Flagler County commissioners are considering a nuclear option to break the stalemate between Sheriff Rick Staly’s need for additional space at the courthouse and Clerk of Court Tom Bexley standing his ground against it: Forcing Bexley to yield.
“I hate to go this route but it is true that the courthouse is our building,” Commissioner Dave Sullivan said today. “We own that building. It would seem to me, if push comes to shove at some point, we just direct the clerk that we need additional space in the building, and we just–we make it–and accept whatever bad side of that will be as far as the clerk looks at the situation.”
“That’s certainly an option the board has,” County Administrator Jerry Cameron said. “I would hope that we could get this done without having to use those measures. But I am running out of options.”
Bexley is not prepared to give ground, though he doesn’t dispute Sullivan’s take. “Commissioner Sullivan is absolutely right, that’s their bldg, they can do whatever they want with that building within reason.” But forcing the issue, he says, would severely affect service to residents, and he’s prepared to look at his own nuclear option, though he’s not devised it yet. “I’m not about to sacrifice the duty I was elected to do to accommodate a county request, it’s not fair to the taxpayer,” Bexley said today. If forced, “I’ll exercise every option that I have, and I’m not sure what they are.”
Cameron described the situation to county commissioners as a “stalemate” in a meeting this morning. Bexley did not attend, but heard the meeting, and agrees with Cameron’s characterization. “That’s correct, absolutely. They want more, and I don’t want to give it.”
Some 60 members of the sheriff’s staff, including the detectives’ division, have taken up temporary office space at the Flagler County courthouse since last June, when they evacuated the mold-ridden Sheriff’s Operations Center in Bunnell. They’re on the first and second floor of the courthouse, with the sheriff’s top administrative staff on the third. It’s been cramped quarters. Detectives’ office area “looks more like a mail-order phone bank than a detective division,” Cameron said.
“Now it’s either time to bring it to a head or we need to lease the sheriff additional space.”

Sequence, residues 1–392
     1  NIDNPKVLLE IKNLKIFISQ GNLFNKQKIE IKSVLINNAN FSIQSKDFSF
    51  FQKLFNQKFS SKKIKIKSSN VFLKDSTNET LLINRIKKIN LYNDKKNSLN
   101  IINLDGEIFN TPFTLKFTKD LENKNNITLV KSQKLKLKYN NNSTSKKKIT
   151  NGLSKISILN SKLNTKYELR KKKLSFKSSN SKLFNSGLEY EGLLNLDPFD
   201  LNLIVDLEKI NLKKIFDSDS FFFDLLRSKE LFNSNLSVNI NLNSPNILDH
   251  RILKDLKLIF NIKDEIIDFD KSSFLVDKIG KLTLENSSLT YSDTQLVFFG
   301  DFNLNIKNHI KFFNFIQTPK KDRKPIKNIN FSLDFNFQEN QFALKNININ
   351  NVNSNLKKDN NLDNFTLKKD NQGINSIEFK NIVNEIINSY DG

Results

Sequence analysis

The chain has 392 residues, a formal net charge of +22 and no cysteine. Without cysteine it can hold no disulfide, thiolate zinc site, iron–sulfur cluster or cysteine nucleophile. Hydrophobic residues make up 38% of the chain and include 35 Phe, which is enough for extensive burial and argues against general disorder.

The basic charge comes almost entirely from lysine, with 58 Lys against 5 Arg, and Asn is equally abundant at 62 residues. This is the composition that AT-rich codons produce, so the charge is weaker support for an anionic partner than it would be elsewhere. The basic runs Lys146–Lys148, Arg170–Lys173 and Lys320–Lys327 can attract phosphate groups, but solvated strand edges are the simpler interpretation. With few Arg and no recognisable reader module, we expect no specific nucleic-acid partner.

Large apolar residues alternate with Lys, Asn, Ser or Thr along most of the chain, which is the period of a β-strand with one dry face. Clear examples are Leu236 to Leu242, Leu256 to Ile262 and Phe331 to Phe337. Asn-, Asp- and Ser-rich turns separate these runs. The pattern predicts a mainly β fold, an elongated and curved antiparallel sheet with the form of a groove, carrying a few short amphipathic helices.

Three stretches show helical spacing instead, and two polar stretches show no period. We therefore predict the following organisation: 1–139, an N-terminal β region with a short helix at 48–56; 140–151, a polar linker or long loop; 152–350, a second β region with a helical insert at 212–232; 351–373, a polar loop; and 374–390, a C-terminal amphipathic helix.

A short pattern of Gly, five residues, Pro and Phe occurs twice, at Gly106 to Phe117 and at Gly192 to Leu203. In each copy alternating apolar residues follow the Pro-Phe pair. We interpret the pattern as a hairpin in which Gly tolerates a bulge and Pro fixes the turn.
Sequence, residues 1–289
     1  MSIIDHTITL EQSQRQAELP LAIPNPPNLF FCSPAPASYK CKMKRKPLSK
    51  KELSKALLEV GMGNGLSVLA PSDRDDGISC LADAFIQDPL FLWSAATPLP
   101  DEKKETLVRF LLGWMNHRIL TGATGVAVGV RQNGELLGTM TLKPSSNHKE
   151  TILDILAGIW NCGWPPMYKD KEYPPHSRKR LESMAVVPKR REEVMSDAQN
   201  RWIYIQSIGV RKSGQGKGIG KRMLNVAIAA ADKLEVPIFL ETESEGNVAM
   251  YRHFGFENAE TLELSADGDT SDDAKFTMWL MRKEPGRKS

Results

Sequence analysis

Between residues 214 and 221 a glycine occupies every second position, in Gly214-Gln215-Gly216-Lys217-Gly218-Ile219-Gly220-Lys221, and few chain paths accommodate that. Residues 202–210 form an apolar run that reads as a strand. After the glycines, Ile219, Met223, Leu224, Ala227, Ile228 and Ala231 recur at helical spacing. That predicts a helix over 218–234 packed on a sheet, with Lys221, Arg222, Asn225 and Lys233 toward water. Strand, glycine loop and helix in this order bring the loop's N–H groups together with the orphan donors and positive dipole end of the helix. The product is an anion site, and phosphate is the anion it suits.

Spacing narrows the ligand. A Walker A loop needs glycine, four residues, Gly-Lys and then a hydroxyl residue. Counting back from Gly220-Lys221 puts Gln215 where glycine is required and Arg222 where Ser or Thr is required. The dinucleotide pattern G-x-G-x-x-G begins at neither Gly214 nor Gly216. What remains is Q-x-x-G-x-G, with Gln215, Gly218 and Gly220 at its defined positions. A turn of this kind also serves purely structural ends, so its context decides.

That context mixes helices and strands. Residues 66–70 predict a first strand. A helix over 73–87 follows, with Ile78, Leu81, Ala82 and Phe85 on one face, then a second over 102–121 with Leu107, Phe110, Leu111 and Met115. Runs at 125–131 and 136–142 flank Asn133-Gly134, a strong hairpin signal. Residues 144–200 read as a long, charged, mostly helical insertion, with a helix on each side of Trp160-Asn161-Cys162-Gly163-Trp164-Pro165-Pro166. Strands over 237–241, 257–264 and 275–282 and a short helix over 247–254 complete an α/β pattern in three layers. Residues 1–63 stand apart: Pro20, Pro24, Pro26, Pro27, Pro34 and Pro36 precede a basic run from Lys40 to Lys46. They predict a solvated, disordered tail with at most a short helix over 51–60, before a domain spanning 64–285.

Staly calls it a crisis. “The problem is I went from 35,000 square feet to roughly 6,000 square feet. They’re in packed like sardines,” the sheriff said of his staff. “It has now come to the point where it is drastically hurting the operation, and the work environment for those employees. We have things planned like a real-time crime center. I can’t even implement it because I have no space. So now we’re starting to see the impact besides just the operational hassles that we have. Now we’re seeing real impact into the sheriff’s operations, and so my staff has tried to work with the clerk also and we have had no success, the same thing with your county administrator. It’s unfortunate because the best solution is the interim solution in the courthouse at the least cost to the taxpayers. But now it’s either time to bring it to a head or we need to lease the sheriff additional space. We can’t continue to operate, especially for two more years, in the working conditions that the employees are under.”
Bexley says he’s had to suspend plans for such things as a fingerprinting and passport-issuing center and closed the courthouse chapel (converted to sheriff’s uses). He’d previously said that he was looking for “an end game” from the county to consider some interim accommodation, but “I’ve got a promise of two years to be built and I haven’t seen a shovelful of dirt or a design plan yet,” he said of the county’s decision last month to build a new operations center for the sheriff in Palm Coast. Meanwhile, he said, he’s “bent over backward” to accommodate the sheriff’s space needs, but he’s not willing to provide more space than the current arrangement.